Sedona AZ (December 14, 2018) – “What exactly do you do?”
As Sedona’s first Sustainability Coordinator, I have been asked this question several times. And I’m not the only person asked. One city councilor informed me that he has been stopped in the Bashas’ checkout line and asked why the city needs a sustainability coordinator.
Sustainability is about making choices today that maximize our quality of life without compromising that of future generations. For example, I want my grandkids to have access to clean tap water, to bike safely to school, and to pick blackberries along Oak Creek. Sustainability is about protecting what we value – our clean air, dark skies, and red rocks.
Sustainability is also about living within our means and being resourceful with taxpayer dollars. My role is to review city practices and ensure that we are being efficient with limited natural and financial resources.
To transition to more sustainable operations, we need a road map. Over the next six months, we will develop a municipal sustainability plan. This plan will serve as a road map to assess where we are, where we want to go, and how we plan to get there.
First, we need to determine where we are right now. What are we currently doing to be thoughtful with finite resources? We are evaluating our organization’s water and energy usage, waste management, resiliency, and employee health and safety.
How much energy did City Hall use last year? How many gallons of fuel powered our city fleet? How many recyclables did we divert from the landfill? To move forward, we need to answer these questions. Once we have an accurate baseline, we can articulate realistic goals.
Second, we need to decide where we want to go as an organization. We need to establish goals related to resources like water, energy, and waste. How much of our energy do we want to come from renewable sources? How much material do we want to divert from the landfill? If our vision is to preserve Sedona’s exceptional natural beauty, then our goals need to reflect that.
Third, we need a route for how to get where we want to go. We need strategies for achieving our goals. Some necessary actions are already clear. To reduce our energy and water use, we will complete a retrofit of city facilities with efficient lighting, plumbing and HVAC systems. To protect our water and human health, we will host a hazardous waste disposal event this spring. To increase recycling, we will improve recycling signage and education at city facilities. To improve our air quality, we will review our city fleet to ensure employees have the most efficient and effective vehicle for the job. To reduce single-use plastics, we will expand water bottle refill stations in public spaces. To increase our resiliency, we will look at how city operations are vulnerable to extreme weather and natural disasters such as wildfires and flooding.
Over the past three months, I’ve been fortunate to meet with many of you and hear your hopes for Sedona. I am thrilled to work with you to achieve the vision set out in our Community Plan. If you have thoughts about the city’s sustainability efforts please reach out to me at email@example.com or (928) 203-5060. Also consider signing up for program updates by visiting sedonaaz.gov/sustainability.
Regarding the refilling of water bottles in public places, how would that be achieved?
Obviously at great expense to the City having to provide plumbing, equipment etc. Also it has been scientifically proven that we do not need to be constantly walking around with bottles of water except if you are hiking or biking as people are drinking far more water than needed and it just becomes a habit. The population has been brain washed on the need of constantly drinking water to sell more bottles of it.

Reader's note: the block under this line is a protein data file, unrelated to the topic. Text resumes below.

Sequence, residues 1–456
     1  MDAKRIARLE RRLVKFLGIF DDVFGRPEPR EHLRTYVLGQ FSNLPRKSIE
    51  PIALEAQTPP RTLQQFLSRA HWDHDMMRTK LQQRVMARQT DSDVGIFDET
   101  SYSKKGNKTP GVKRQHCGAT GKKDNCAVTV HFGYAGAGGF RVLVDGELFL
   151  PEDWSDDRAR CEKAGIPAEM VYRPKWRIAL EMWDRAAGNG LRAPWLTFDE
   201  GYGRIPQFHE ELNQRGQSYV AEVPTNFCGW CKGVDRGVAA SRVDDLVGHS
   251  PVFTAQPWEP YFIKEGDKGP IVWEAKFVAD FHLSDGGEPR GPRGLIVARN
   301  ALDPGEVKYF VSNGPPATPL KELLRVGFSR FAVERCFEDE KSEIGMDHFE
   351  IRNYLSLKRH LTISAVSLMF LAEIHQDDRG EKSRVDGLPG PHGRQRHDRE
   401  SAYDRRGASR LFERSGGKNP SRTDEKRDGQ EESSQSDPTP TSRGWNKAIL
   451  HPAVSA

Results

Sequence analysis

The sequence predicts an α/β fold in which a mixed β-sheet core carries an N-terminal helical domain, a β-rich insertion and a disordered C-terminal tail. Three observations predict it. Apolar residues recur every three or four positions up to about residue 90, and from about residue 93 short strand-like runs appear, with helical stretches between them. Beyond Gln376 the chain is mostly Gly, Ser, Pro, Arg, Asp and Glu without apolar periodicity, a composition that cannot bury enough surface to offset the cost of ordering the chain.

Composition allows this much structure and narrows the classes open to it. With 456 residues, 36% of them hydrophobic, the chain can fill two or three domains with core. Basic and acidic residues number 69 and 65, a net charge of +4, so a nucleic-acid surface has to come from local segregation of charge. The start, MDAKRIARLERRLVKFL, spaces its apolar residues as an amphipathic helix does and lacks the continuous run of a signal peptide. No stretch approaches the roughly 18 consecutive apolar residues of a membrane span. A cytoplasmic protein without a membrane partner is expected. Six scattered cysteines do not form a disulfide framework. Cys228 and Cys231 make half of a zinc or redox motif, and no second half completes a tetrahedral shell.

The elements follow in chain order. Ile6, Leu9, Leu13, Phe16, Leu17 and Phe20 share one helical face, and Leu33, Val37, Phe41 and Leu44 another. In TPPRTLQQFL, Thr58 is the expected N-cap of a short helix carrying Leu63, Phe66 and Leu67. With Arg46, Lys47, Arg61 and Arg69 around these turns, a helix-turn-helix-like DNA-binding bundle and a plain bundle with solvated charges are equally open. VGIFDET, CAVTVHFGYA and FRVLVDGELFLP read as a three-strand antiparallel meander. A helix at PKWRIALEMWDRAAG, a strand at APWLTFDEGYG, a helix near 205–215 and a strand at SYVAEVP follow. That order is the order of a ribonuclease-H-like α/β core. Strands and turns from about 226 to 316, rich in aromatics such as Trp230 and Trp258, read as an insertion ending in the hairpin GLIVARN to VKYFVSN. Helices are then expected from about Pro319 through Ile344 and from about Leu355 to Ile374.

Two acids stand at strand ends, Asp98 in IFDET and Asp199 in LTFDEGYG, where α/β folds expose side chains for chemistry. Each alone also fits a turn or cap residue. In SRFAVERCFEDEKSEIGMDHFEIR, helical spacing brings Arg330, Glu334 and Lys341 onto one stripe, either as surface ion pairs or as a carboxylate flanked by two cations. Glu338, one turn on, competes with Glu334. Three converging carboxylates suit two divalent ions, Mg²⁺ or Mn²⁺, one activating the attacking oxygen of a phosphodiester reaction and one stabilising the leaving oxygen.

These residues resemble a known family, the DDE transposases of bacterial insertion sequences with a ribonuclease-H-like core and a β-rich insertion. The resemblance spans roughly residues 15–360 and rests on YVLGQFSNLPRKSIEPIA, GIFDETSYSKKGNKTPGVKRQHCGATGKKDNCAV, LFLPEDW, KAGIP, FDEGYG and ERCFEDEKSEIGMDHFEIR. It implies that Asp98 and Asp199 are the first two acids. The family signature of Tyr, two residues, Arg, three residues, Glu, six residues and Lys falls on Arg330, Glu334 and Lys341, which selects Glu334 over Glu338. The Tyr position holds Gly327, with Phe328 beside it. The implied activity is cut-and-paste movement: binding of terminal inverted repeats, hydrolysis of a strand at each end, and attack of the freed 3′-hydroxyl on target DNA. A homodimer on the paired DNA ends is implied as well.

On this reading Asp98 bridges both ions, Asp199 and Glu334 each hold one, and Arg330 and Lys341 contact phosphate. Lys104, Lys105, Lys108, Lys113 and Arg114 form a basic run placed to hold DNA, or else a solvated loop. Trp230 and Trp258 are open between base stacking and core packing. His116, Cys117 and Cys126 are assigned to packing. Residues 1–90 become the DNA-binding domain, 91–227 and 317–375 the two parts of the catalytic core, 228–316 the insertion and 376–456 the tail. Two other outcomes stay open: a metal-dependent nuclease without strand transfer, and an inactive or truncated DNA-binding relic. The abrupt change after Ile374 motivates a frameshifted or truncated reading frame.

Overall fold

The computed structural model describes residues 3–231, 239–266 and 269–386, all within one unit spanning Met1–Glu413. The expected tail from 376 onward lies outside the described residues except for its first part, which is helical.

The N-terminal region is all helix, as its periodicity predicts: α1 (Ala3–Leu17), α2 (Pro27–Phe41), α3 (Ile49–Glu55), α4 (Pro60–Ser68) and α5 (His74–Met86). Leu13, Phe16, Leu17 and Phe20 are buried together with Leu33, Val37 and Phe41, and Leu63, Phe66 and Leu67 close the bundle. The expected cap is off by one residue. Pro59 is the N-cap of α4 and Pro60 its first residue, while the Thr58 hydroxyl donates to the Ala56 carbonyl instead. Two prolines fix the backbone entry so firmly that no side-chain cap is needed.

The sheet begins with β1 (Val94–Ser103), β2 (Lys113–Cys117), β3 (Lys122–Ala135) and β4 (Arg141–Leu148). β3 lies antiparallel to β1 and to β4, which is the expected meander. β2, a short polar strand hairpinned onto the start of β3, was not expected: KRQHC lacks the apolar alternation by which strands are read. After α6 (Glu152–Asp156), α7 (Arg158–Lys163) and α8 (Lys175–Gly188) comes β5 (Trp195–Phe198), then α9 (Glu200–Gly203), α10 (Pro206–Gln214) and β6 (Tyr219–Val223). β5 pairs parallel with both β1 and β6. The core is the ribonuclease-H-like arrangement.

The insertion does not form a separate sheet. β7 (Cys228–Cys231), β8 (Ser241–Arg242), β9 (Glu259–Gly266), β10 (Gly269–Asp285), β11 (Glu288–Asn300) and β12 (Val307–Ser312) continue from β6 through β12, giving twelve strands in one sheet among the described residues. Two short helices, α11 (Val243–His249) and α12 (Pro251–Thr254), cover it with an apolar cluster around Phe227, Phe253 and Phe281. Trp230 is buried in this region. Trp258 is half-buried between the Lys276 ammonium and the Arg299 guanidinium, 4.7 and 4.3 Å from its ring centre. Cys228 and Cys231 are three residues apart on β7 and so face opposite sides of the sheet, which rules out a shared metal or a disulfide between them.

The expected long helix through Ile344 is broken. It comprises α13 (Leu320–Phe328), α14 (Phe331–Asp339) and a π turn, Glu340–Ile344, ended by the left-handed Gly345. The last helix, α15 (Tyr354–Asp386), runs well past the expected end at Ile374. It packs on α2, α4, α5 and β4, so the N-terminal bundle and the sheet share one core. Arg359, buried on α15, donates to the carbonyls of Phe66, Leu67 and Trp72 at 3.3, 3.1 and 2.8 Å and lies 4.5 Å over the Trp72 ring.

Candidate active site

Also people would be filling up just before leaving town therefore taking more of our water supply. Years ago Arizona Water Company had to drill down just 300 feet for water but, now they must drill down to 1000 feet. Why on earth is it important for Sedona to spend money providing places for fill ups. This is beyond my understanding. We have 10,000 residents up against three million tourists and should not be spending more money and time concerning ourselves on providing more water for them and a lot of this water is wasted in ways other than drinking. All ready 63% of Sedona residents are subsidizing the hotel industry for the wastewater treatment plant. How many more ways must we pay for the tourists when we are not really seeing a lot of benefits to residents?
On the refilling of plastic bottles, if they are rinsed in warm to hot water they are no longer safe to use. The heat brings out the bisphenol (BPA) which is a female hormone. Plastic bottles and any other plastic containers should not be used second time if washed.
I did not know there were blackberries growing in the Canyon but, if there are I would not like to see a City official encouraging people to pick them. If too many do that then certain wildlife would be deprived of a food source and the plants would not have a chance to regenerate. Yes I sure do care about the environment mainly because I care so much about the wildlife, “All Creatures Great and Small”.
I hope our new Sustainability Manager is not heading towards the City having electric vehicles supposedly for clean air which we all ready have and for energy efficiency. Lithium batteries have been known to catch fire and if the City saved on energy it would pay at the other end for higher electric costs for recharging all the batteries. Is it the responsibility of the City to protect our red rocks or the National Forest Service through our Red Rock Ranger District. I may be wrong on how I am responding but, just going by what the new Sustainability Manager wrote for what she will be responsible.